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Accessibility Toolkit for Open Educational Resources (OER): Emoji Accessibility

Accessibility guide for creating OER

General Info on Emoji

  • Emoji are graphical symbols that appear in many aspects of our lives.
  • Emojis are engrained into the fabric of the internet and social media.
  • Emoji can easily be found on social media, in text messages and sometimes they even show up on the TV.
  • Emoji meaning can be understood differently across cultures.
    • Interpretation can depend on the reader’s background, an emoji might mean something to them that you did not intend. This can change the meaning of your message and could cause confusion.
  • Don't stop using emoji, just make sure to create them so they are accessible and use them accessibly..

Accessibility Info on Emoji

How to create accessible emoji

  • Avoid typing several emoji in a row as that can be annoying to users of screen readers
  • Never use emojis to replace words as it will make your content inaccessible.
    • You cannot be sure people will interpret the emoji as you intended.
    • The alt text descriptions used by screen readers may not match your meaning of the emoji.
    • Using emoji instead of words, increases cognitive load for everyone.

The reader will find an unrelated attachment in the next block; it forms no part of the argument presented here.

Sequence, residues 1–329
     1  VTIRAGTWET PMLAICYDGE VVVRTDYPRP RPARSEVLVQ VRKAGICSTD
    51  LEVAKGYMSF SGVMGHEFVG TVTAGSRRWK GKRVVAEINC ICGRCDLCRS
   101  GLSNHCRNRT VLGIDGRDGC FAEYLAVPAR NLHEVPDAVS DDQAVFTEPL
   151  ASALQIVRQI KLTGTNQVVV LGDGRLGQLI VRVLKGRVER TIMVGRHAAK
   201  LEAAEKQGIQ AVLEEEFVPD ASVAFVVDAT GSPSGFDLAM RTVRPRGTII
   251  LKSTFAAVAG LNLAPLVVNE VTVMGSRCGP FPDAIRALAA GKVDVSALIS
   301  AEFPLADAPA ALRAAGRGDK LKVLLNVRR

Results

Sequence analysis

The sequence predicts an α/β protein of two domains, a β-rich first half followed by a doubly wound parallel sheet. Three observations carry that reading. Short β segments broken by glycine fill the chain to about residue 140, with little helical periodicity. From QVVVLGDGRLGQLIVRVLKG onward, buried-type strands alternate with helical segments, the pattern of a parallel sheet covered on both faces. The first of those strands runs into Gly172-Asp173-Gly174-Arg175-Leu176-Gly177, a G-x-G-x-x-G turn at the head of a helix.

• Be aware, how emojis are presented depends on the device and operating system, so check to make sure they translate well across devices..
  • Limit to 3 emoji in a row.
    • This also applies to usernames. If someone has a bunch of emoji in their name, a screen reader will read all of it.
  • If you can, don't place emoji in the middle of words, since it affects how they are read by screen readers
    • Example: the singer Kesha’s stage name was pronounced Key-dollar-sign-ha since the “S” in her name was replaced with a “$.”
  • Don’t use emojis as bullet points:
    • Screen readers read each emoji’s alt text aloud. This makes it longer to read the list and risks muddling clarity.
  • No more than 3 emojis per social media post:
    • Excessive emojis can be disruptive and confusing for users using screen readers.
  • Use emojis, not emoticons.
    • Emojis have built-in alt text descriptions and will be parsed as text by a screen reader.
    • Emoticons are manipulated punctuation marks and will be read out as punctuation marks.


Citation: [Bogdan] (2020, Jul 30) Testing emojis with screen-reader - please use emoji icons sparely, they add a lot of "noise". (0:29) URL:


Emoji Pro Tips